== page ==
Princess Dewclaw Is Writing Their Own Rules

From their fruition six years ago, Princess Dewclaw has been prowling the Denver music scene, paving their own creative path. Never boxing themselves into a specific genre, narrative or image, Princess Dewclaw approaches their music unconventionally, and they wouldn’t have it any other way. 

“I think when a lot of bands get started, it starts from, ‘I want to get really good at an instrument and I’m going to get better and better at my instrument by playing with a band that’s really tight at their instrument’ and the goal is to really get that sound down. We’re not that. We were never that, even if we’ve had previous musical experience before and we practice our instruments and try to get as tight as we can, I don’t think that’s ever been our goal to play the best as we can on our instrument. I think our goal has always been to make something new and expressive to get our ideas out,” guitarist and vocalist for Princess Dewclaw, Amanda Baker, said. 

As their off-kilter name suggests, Princess Dewclaw pays no mind to the conventions of musical groups. In every aspect of their songwriting, and seeping into their group dynamic, their anomalous style yields results that set them apart. “We’re more willing to experiment and we’re more willing to switch up instruments and switch up sounds or styles,” vocalist Amanda Gostomski said. Moving from one genre to another over the course of a single album or EP, as well as taking a stab at playing different instruments, the band continuously discovers ways to explore the unfamiliar.

In response to the dreaded question of what genre they describe their band as, Baker pointed towards alternative, punk, industrial, pop and electronic. Currently playing with a 909 drum machine, the band highlights synth and electronic elements while also incorporating those additional genres by way of each member’s personal taste. 

“Our sound has kind of always been influenced by the instruments we’ve had available and also a lot from the way we learned from each other and what we used to be interested in,” Baker explained. Will Pelkey, who plays the 909 synth machine, resonated with Baker, explaining that whatever each member is exploring musically has an influence on the ever-evolving sound of what they make collectively. “There’s so much good stuff out there, how are you just going to stick to one sound and one taste?” Pelkey posed. 

Possessing the ability to move between a variety of sonorous elements does not come about through whims and chance. “There’s a lot of trust that happens,” guitarist Brandon Reyes said. “We’ll all write and improve on each other’s parts, there’s a lot of trust involved that I don’t think you really get with most bands.”

Attributing their trust in each other to years of living, playing and working together, Pelkey also noted the immense power of communication and working in the best interest of the music. “It’s a lot of communication and hearing it in our heads and bringing that forward because even though we all have different tastes, we all want what’s best for the song and what’s best for the music so I have to let go sometimes. But it always sounds better when we listen to each other.”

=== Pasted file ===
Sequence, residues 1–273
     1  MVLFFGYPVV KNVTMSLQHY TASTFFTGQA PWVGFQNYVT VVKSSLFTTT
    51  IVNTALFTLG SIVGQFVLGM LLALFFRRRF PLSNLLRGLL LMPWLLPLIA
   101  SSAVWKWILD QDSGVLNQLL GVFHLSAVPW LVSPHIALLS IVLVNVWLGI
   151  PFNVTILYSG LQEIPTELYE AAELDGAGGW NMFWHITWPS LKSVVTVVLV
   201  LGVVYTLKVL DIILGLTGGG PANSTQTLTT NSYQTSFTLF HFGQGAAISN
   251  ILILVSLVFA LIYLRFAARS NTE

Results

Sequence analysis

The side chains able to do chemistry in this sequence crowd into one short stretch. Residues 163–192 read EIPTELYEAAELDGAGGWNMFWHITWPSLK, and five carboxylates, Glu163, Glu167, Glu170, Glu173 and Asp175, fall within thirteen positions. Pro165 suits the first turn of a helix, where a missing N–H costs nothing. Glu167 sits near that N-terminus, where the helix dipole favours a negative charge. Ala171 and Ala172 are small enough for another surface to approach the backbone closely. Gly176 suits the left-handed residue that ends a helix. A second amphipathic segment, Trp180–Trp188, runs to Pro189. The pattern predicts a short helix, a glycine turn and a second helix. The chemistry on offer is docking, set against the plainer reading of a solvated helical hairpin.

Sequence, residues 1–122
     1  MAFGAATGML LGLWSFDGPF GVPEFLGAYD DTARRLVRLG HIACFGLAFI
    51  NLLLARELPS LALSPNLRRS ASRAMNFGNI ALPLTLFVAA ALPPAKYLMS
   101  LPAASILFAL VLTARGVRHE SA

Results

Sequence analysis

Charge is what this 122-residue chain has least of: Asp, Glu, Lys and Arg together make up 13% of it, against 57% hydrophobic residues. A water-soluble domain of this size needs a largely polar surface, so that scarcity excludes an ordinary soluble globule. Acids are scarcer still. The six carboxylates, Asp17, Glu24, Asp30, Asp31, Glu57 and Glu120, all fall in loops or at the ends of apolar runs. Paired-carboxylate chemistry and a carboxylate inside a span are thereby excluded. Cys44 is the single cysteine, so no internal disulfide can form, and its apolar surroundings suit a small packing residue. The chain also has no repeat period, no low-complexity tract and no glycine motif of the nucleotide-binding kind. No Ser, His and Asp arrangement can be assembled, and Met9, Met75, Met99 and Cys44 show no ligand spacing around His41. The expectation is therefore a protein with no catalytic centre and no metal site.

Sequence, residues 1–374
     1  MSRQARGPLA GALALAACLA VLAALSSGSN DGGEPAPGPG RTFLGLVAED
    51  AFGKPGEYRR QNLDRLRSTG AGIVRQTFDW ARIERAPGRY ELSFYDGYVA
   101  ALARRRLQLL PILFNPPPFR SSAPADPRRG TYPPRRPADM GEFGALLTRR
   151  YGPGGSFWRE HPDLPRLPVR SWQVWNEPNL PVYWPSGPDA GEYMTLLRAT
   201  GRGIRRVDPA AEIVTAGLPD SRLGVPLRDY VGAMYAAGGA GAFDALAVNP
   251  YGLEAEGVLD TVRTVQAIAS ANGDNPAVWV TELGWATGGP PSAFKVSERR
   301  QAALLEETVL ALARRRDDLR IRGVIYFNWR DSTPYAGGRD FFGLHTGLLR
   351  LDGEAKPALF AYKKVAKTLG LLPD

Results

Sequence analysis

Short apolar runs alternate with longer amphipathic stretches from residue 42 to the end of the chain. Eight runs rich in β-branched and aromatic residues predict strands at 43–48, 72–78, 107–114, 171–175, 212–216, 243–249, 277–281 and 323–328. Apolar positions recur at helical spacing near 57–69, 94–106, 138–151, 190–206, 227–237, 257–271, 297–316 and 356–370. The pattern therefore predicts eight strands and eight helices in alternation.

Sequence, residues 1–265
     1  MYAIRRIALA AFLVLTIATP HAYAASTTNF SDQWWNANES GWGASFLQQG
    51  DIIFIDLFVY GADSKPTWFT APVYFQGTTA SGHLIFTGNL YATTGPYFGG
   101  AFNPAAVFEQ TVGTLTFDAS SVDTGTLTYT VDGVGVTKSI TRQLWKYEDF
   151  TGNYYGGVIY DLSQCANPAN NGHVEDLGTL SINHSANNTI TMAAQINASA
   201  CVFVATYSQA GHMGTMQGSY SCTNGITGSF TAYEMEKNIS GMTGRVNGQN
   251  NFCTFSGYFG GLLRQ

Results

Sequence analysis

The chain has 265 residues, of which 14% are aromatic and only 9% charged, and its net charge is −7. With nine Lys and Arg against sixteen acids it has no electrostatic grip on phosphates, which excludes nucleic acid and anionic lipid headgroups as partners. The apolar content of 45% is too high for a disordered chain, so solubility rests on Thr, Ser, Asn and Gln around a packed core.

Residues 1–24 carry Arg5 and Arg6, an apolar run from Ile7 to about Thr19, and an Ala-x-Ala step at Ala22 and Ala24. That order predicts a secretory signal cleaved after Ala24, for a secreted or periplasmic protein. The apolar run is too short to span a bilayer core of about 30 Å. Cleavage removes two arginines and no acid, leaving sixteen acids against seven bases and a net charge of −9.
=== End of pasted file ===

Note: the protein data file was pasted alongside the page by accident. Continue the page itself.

Princess Dewclaw not only displays their individuality sonically but lyrically as well. On the band’s approach to crafting lyrics, Gostomski explained that she typically comes up with an overall narrative for an album or EP, and then the band works together to tell that story in the record’s entirety. “We kind of layout what each song needs to be in order to tell the narrative and then we’ll talk about like, ‘okay, this song should have this kind of influence or this sound and then we’ll have a complete arc,’” Gostomski said. Following the horror-esque tale of a teenage werewolf, Gostomski described how their first EP, Wild Sugar, covered themes of puberty and growing up through a creative lens. Working on their next EP, the band is taking a more sci-fi approach to battle topics that concern the current state of our society.

Though telling fictitious tales in their songwriting, the band’s music speaks truth to their personal experiences. “I’m always going to write from the perspective of a woman and an angry woman, it’s just who I am and so that’s what the lyrics are going to be,” Gostomski voiced. Being femme fronted, the band has had their fair share of hurdles to jump through in terms of reaching success.

Baker described their experience being in a femme-fronted band as being a double-edged sword with Princess Dewclaw’s desire to bring femme artists to the forefront while also creating a label that overlooks the band’s sound. “More often than not we would be playing tickets [at gigs] that aren’t necessarily appropriately matched sound-wise or genre-wise. We could be playing shows with more appropriate lineups but maybe we don’t fit the look of that show because we’re the ‘lady band,’” Baker said. 

Gostomski agreed with Baker’s outlook, adding that the ideal situation would be to have a music scene where everyone is on the same playing field regardless of gender identity. Regardless, Gostomski voiced that with where the industry is at right now, it’s important for femme artists to not let their fears get the best of them. “If we had advice for anybody, I would say that the reason why women need to get out there, and why they’re scared to, is a lot of times women want to be really good because we’re held to a different standard. But we should go out there and not be scared to suck for a while…There’s more criticism but you can’t give a fuck. You have to suck for like two or three years. You just have to do it and get over it and you’ll be good.”

Catch wildly entertaining Princess Dewclaw at Larimer Lounge on April 6 and stay tuned for their next EP currently in the works.

All photography by Jackson Davis